Coastal Processes

Coasts are shaped by the sea and the action of waves. The processes that take place are erosion, transportation and deposition.

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Coastal Processes
Coasts are shaped by the sea and the action of waves. The processes that take
place are erosion, transportation and deposition.
Waves
The power of waves is one of the most significant forces of coastal change.
Waves are created by wind blowing over the surface of the sea. As the wind blows
over the sea, friction is created - producing a swell in the water. The energy of the
wind causes water particles to rotate inside the swell and this moves the wave
forward.
The size and energy of a wave is influenced by:
how long the wind has been blowing
the strength of the wind
how far the wave has travelled (the fetch)
Waves can be destructive or constructive.
When a wave breaks, water is washed up the beach - this is called the swash.
Then the water runs back down the beach - this is called the backwash. With a
constructive wave, the swash is stronger than the backwash. With a destructive
wave, the backwash is stronger than the swash.
Destructive waves
Destructive waves are created in storm conditions.
They are created from big, strong waves when the wind is powerful and has been
blowing for a long time.
They occur when wave energy is high and the wave has travelled over a long
fetch.
They tend to erode the coast.
They have a stronger backwash than swash.
They have a short wave length and are high and steep.
Constructive waves

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They are created in calm weather and are less powerful than destructive waves.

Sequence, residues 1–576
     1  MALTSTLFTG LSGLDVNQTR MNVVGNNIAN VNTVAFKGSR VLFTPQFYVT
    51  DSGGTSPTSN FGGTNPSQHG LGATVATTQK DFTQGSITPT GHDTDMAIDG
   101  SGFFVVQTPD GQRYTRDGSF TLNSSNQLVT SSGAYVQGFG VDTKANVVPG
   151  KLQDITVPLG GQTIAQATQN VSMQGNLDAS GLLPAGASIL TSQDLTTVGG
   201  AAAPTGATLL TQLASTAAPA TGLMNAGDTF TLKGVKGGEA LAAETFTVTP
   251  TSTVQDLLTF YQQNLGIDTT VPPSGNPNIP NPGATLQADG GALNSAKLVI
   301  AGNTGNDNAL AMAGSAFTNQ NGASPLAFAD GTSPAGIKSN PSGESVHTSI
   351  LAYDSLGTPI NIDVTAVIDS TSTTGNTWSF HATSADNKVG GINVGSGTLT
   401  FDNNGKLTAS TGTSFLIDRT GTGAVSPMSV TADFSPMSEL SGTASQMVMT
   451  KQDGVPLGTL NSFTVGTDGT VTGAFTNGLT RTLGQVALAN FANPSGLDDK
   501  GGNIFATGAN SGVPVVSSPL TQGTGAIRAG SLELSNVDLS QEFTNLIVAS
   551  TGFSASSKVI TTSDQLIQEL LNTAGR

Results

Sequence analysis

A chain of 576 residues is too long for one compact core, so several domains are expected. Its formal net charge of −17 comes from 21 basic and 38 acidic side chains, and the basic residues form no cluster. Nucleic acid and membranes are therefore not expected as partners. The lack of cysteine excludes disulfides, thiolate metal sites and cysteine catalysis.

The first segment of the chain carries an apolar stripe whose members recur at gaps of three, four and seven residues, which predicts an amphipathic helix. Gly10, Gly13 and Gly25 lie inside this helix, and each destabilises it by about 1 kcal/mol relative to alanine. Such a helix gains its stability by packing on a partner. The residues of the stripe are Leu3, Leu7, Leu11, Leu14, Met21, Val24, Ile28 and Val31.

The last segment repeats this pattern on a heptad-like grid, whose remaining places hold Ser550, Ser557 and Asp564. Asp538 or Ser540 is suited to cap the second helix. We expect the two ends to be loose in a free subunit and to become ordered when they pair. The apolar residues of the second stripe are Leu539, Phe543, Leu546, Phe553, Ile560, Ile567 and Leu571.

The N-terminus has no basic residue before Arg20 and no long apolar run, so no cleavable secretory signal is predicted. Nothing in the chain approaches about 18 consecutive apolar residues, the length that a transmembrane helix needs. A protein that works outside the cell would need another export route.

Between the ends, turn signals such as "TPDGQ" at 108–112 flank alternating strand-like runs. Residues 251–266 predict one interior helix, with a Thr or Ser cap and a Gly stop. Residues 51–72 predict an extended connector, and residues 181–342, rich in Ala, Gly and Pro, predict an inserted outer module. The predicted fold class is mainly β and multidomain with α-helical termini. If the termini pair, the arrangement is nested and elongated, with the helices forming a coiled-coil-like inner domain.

They break on the shore and deposit material, building up beaches.
They have a swash that is stronger than the backwash.
They have a long wavelength, and are low in height.
Coastal erosion
The sea shapes the coastal landscape. Coastal erosion is the wearing away and
breaking up of rock along the coast. Destructive waves erode the coastline in a
number of ways:
Hydraulic action.…read more

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Saltation Load is bounced along the sea bed, e.g. small pieces of shingle or large sand grains.
Currents cannot keep the larger and heavier sediment afloat for long periods.
Traction Pebbles and larger sediments are rolled along the sea bed.
Deposition
When the sea loses energy, it drops the sand, rock particles and pebbles it has
been carrying. This is called deposition. Deposition happens when the swash is
stronger than the backwash and is associated with constructive waves.…read more

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